Where Does Scout Advancement Happen?

where does advancement happen

Scout advancement  is a natural result of applying the patrol system. Requirements without the patrol experience are a lifeless checklist.

Tenderfoot
2. Spend at least one night on a patrol or troop campout…
3. On the campout, assist in preparing and cooking one of your patrol’s meals. Tell why it is important for each patrol member to share in meal preparation and cleanup, and explain the importance of eating together.
7. Know your patrol name, give the patrol yell, and describe your patrol flag.

Second Class
3a. Since joining, have participated in five separate troop/patrol activities …
3b. On one of these campouts, select your patrol site and sleep in a tent that you pitched. Explain what factors you should consider when choosing a patrol site and where to pitch a tent.

First Class
3. Since joining, have participated in 10 separate troop/patrol activities…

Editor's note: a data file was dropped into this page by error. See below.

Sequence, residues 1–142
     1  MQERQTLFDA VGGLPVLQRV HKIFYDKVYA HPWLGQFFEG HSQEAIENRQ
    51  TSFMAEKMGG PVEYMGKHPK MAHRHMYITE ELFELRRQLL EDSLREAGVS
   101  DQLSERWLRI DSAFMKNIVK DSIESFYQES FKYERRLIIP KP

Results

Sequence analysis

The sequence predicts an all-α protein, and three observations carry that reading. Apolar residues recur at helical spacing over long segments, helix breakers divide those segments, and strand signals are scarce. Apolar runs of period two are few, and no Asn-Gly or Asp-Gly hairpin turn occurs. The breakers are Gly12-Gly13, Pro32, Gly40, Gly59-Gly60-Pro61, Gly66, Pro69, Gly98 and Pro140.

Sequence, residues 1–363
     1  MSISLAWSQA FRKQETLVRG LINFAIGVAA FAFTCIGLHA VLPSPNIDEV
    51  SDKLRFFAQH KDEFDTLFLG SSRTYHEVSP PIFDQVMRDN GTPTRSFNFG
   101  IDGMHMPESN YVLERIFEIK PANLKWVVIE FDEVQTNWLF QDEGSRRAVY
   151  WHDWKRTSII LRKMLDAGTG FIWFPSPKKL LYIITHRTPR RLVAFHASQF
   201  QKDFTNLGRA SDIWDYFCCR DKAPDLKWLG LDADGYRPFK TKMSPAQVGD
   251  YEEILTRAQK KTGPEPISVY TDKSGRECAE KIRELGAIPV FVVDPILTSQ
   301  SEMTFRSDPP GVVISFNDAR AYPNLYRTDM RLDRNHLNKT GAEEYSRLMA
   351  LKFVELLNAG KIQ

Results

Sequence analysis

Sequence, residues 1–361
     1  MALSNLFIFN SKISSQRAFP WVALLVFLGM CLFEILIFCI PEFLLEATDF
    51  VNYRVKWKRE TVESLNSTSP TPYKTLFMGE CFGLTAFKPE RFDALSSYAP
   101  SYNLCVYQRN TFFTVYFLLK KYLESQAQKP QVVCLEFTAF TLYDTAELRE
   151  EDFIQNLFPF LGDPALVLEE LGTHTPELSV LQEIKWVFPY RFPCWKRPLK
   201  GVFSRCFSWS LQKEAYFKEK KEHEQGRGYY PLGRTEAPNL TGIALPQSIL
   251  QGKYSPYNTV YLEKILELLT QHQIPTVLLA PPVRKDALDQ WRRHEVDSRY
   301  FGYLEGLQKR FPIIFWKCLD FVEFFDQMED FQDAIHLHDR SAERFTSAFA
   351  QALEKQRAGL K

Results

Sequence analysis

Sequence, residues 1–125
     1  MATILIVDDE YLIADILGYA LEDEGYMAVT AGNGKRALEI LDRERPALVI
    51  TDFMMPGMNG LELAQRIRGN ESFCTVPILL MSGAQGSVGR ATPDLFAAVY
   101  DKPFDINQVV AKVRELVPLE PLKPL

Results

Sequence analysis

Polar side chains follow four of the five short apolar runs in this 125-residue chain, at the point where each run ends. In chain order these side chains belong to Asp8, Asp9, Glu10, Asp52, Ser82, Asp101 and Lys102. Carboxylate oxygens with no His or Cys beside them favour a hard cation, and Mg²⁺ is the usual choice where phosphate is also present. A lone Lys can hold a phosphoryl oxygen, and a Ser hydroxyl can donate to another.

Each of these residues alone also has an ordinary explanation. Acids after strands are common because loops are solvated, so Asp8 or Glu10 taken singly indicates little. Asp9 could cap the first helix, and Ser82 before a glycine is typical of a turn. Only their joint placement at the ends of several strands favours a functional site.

4a. Help plan a patrol menu ….
4e. On one campout, serve as your patrol’s cook …

From the Guide to Advancement 2013

4.2.1.0 Four Steps in Advancement
A Scout advances from Tenderfoot to Eagle by doing things with his patrol and troop, with his leaders, and on his own. A well-rounded and active unit program that generates advancement as a natural outcome should take boys to First Class in their first 12 to 18 months of membership.

4.2.1.1 The Scout Learns He learns by doing, and as he learns, he grows in his ability to do his part as a member of the patrol and troop.

Opportunities for learning arise naturally by simply doing the things Scouts do when we apply the patrol system. Scouts progress through active, first-hand experience, not passive instruction. Think of the learning opportunities afforded by participating in a camping trip with their patrol. Scouts learn how to prepare themselves individually. They plan, strategize, and cooperate to prepare the group. They learn by doing when they are setting up camp, cooking, exploring and living in the natural world.

They do all this not because they have to check things off a list, but because they are active participants in the life of their patrol.

If we aim at lively, happy, patrols that have lot’s of fun camping and doing things together our Scouts advance. If we aim at advancement we end up with a lifeless, disjointed, lists of chores.

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